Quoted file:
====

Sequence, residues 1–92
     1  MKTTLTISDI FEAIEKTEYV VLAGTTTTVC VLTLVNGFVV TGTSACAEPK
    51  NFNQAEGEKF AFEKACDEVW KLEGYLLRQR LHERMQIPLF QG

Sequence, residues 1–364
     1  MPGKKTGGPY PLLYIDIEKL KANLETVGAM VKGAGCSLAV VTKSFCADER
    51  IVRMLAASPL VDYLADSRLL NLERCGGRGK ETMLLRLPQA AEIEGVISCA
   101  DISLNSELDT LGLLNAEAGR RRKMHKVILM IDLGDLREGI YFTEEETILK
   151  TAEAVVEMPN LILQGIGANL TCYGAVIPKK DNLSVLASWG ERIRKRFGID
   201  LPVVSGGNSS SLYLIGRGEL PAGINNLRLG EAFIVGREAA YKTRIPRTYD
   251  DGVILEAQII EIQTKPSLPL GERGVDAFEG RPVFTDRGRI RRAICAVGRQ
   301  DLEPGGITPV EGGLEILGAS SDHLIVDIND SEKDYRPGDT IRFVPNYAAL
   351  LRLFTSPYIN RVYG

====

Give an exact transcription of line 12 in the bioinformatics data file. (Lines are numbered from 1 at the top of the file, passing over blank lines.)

   351  LRLFTSPYIN RVYG